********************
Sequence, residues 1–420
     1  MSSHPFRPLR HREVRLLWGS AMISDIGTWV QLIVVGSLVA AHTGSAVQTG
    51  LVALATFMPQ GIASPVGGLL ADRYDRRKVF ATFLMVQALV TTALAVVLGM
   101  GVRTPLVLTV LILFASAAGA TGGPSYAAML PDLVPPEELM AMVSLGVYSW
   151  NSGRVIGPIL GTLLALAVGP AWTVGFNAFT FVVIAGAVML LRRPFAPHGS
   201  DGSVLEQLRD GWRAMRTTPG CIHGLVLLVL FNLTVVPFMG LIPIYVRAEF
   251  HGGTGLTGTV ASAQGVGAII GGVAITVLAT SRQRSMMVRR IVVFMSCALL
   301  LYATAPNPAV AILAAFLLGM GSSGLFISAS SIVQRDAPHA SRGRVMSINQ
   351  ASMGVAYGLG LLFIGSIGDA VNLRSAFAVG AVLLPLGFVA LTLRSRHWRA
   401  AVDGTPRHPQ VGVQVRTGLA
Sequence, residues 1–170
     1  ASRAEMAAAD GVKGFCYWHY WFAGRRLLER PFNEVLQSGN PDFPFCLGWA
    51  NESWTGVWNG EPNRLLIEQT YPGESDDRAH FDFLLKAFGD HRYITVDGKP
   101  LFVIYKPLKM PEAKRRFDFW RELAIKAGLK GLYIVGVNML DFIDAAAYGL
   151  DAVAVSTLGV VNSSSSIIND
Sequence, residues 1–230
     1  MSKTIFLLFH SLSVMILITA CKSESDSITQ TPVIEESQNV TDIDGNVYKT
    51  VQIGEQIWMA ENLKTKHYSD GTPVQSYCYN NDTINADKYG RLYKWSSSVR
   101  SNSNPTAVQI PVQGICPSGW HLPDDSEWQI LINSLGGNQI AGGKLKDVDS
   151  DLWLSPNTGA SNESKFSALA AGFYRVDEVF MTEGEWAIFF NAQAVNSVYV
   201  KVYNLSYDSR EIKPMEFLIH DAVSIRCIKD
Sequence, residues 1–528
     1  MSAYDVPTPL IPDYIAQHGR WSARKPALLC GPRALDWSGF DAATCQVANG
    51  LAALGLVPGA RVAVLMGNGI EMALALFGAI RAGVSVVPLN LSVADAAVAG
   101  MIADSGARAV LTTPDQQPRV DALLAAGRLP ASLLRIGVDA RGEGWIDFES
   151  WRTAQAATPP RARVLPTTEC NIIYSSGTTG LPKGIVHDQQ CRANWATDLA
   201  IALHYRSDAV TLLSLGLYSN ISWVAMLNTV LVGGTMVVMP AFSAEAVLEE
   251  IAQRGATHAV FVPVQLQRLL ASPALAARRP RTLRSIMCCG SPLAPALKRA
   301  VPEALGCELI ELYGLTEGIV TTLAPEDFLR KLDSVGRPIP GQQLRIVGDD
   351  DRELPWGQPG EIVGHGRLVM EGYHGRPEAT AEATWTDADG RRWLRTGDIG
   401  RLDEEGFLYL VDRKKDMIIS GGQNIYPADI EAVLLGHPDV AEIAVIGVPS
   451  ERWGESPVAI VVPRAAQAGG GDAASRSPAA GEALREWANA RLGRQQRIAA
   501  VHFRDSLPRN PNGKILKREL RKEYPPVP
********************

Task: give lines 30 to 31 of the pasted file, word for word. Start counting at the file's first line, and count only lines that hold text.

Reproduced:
   351  DRELPWGQPG EIVGHGRLVM EGYHGRPEAT AEATWTDADG RRWLRTGDIG
   401  RLDEEGFLYL VDRKKDMIIS GGQNIYPADI EAVLLGHPDV AEIAVIGVPS